A Swiss diversion
It is not common for Swiss aircraft to be diverted to a different airport, so why was the Geneva to London City sent to Stansted?
The Geneva airport Web site did not show it, but the LX442 flight yesterday morning, 6 January 2014, from Geneva to London City airport was diverted to London Stansted. Looking at the flight plot shows that the aircraft left Geneva on time, but then circled around south of London City airport before going instead to London Stansted.
Why did this happen? No idea, especially as all other flights to London City airport arriving at about the same time had no problems. Doubtless the passengers were give some explanation of why they were going to have to take a long, probably rather slow, bus ride to central London.
The aircraft then flew empty back to Geneva, thus cancelling the planned return from London City to Geneva. I would guess that they got a flight not too long afterwards, but who knows what they were told.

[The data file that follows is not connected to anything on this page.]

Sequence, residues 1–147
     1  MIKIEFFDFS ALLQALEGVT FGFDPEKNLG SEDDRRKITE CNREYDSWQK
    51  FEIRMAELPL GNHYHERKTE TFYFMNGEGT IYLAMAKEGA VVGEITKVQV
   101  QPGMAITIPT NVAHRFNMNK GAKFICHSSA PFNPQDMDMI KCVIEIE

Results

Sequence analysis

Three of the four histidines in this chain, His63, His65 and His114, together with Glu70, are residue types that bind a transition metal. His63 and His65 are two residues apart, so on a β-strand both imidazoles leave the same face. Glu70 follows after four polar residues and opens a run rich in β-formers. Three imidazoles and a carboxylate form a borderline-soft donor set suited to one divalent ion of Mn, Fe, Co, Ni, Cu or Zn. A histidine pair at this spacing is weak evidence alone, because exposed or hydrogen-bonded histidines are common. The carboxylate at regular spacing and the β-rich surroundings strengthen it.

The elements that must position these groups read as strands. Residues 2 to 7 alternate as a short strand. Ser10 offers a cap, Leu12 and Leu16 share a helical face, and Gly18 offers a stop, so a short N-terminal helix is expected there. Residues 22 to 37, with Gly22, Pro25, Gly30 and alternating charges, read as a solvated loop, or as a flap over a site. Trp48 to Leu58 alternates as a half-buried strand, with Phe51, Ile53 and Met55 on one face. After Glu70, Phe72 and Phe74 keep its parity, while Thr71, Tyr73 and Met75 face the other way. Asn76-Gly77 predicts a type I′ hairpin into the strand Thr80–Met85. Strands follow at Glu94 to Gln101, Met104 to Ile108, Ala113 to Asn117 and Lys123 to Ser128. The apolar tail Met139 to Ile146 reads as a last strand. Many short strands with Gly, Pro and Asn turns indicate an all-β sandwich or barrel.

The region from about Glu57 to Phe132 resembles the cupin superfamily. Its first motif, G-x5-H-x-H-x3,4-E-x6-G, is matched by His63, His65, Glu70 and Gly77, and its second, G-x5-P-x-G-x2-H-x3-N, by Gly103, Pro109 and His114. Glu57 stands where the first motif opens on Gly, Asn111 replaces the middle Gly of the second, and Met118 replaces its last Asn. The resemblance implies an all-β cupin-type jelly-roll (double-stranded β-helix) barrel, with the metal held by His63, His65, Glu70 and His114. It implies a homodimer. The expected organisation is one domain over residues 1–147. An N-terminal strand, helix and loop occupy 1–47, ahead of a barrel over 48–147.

A similar sort of thing, but in the reverse direction, happened last Saturday, 4 January, at around 10pm. There was clearly some problem at the airport, since several incoming flights circled around for a few minutes before being able to land. For the easyJet flight from Madrid the pilot does not appear to have wanted to circle: he soon decided to divert to Basel. Similarly, a Swiss flight from Majorca diverted to Zurich. However,four different aircraft did circle around a while and then land directly in Geneva.
What I do not know is how long aircraft can wait around before being diverted. Clearly, before leaving wherever they came from, aircraft must have enough fuel to divert to somewhere else, but extra fuel adds weight to the aircraft, so probably adds to the cost. Thus, airlines will not want their aircraft to carry much more extra fuel than the regulations insist upon. A delicate question!